A programme of lectures hosted by the Department of Maltese by Dr Anissa Daoudi, University of Birmingham
The Department of Maltese in the Faculty of Arts is hosting a series of lectures by Dr Anissa Daoudi between Monday 12th and Wednesday 14th May 2014. These lectures are open to all those who would like to attend.
Dr Anissa Daoudi is a lecturer in translation studies and Arabic at the University of Birmingham and head of the Arabic section of Languages for All.
This is the programme of lectures:
A DOCUMENTARY ON TESTIMONIES BY JAILED TUNISIAN WOMEN
Monday, 12th May, 11.00am – 12.00pm, Room 112, IT Services Building
In collaboration with the Department of Gender Studies, Faculty for Social Well Being
DECODING AND ENCODING IDIOMS (ENGLISH-ARABIC): THE ROLE OF LANGUAGE TRANSFER
Monday, 12th May, 4.00pm – 6.00pm, GCP 1
In collaboration with the Department of English
TRANSLATING E-ARABIC: CHALLENGES AND ISSUES
Tuesday, 13th May, 10.00am – 12.00pm, MDT 122
In collaboration with the Department of Translation, Terminology & Interpreting Studies and the Institute of Linguistics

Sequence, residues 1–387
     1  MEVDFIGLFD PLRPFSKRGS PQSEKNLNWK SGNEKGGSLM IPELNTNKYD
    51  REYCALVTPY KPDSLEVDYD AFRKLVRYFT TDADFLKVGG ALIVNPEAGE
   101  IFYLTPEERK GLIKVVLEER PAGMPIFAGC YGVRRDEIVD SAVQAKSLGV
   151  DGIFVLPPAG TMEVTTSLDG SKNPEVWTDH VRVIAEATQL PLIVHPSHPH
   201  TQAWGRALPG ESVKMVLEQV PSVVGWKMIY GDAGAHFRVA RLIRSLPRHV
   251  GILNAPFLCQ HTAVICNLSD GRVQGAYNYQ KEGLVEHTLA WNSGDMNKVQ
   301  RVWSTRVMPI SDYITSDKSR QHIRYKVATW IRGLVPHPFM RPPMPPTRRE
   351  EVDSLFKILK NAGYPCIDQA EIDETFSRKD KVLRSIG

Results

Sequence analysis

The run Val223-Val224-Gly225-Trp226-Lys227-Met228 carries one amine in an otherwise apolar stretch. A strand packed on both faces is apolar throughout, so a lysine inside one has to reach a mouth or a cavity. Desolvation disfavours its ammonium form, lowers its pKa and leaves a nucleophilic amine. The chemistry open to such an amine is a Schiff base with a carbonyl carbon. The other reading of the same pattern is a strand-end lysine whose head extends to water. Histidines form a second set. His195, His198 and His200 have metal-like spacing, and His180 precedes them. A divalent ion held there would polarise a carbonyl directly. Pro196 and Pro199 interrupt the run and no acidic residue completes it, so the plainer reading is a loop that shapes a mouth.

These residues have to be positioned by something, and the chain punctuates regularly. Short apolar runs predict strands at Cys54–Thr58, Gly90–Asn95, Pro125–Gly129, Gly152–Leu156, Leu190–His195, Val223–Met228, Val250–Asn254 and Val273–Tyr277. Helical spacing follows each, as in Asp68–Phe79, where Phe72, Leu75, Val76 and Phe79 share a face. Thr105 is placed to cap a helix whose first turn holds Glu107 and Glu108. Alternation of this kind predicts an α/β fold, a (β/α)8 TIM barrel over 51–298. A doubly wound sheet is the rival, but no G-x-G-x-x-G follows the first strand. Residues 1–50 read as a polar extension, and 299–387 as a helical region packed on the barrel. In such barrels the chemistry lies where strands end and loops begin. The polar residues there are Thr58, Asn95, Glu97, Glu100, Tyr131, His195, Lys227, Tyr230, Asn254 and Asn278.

THE ARAB REVOLUTION AND THE POLITICS OF LANGUAGE
Wednesday, 14th May, 11.00am – 12.00pm
For more information write to Dr Adrian Grima of the Department of Maltese at firstname.lastname@example.org.
These events, “Dr Anissa Daoudi – Public Lectures at the University of Malta,” are on the Facebook page of “Dipartiment tal-Malti.”
Dr Anissa Daoudi obtained her PhD in Linguistics from the University of Leeds, after which she held an ESRC Postdoctoral Fellowship for three years at the University of Durham. The project was entitled ‘Globalisation and its impact on Arabic (Modern Standard Arabic and dialects)’, and was an interdisciplinary project analysing the linguistic changes that happened to Arabic as a result of the ‘Internet Revolution’, using an Internet based corpus, developing into deeper analyses of the cyberspace and the relationship between language and the various discourses that emerged prior, during and post Arab Revolutions.
Her publications include the monographs e-Arabic and gender discourses in the MENA region: Tunisia as a case Study (in preparation, 2014) and Cultural encounters: a linguistic study of EFL Arab learners encoding and decoding idioms (Peter Lang, 2011). She has also edited volumes on e-Arabic and Cyberspace: the Marginalized Voices in the MENA region (Cambridge Scholars Press, 2013);Framing New Communicative Technologies in the Arab World (Intellect Publishers, 2011); and La Langue Arabe face au Défis Technologiques(Temimi Foundation Publication, 2011).